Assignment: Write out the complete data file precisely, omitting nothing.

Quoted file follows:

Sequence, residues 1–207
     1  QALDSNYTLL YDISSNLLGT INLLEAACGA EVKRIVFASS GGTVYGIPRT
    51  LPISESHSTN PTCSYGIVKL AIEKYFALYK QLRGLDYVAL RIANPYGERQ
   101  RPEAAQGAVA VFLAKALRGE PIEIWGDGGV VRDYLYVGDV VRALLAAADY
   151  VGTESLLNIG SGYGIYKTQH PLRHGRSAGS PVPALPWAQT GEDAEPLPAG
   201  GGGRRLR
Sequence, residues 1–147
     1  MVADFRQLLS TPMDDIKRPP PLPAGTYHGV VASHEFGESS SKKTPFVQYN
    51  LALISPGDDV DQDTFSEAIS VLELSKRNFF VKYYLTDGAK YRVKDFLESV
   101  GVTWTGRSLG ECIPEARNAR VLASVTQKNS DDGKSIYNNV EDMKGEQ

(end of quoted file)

Sequence, residues 1–207
     1  QALDSNYTLL YDISSNLLGT INLLEAACGA EVKRIVFASS GGTVYGIPRT
    51  LPISESHSTN PTCSYGIVKL AIEKYFALYK QLRGLDYVAL RIANPYGERQ
   101  RPEAAQGAVA VFLAKALRGE PIEIWGDGGV VRDYLYVGDV VRALLAAADY
   151  VGTESLLNIG SGYGIYKTQH PLRHGRSAGS PVPALPWAQT GEDAEPLPAG
   201  GGGRRLR
Sequence, residues 1–147
     1  MVADFRQLLS TPMDDIKRPP PLPAGTYHGV VASHEFGESS SKKTPFVQYN
    51  LALISPGDDV DQDTFSEAIS VLELSKRNFF VKYYLTDGAK YRVKDFLESV
   101  GVTWTGRSLG ECIPEARNAR VLASVTQKNS DDGKSIYNNV EDMKGEQ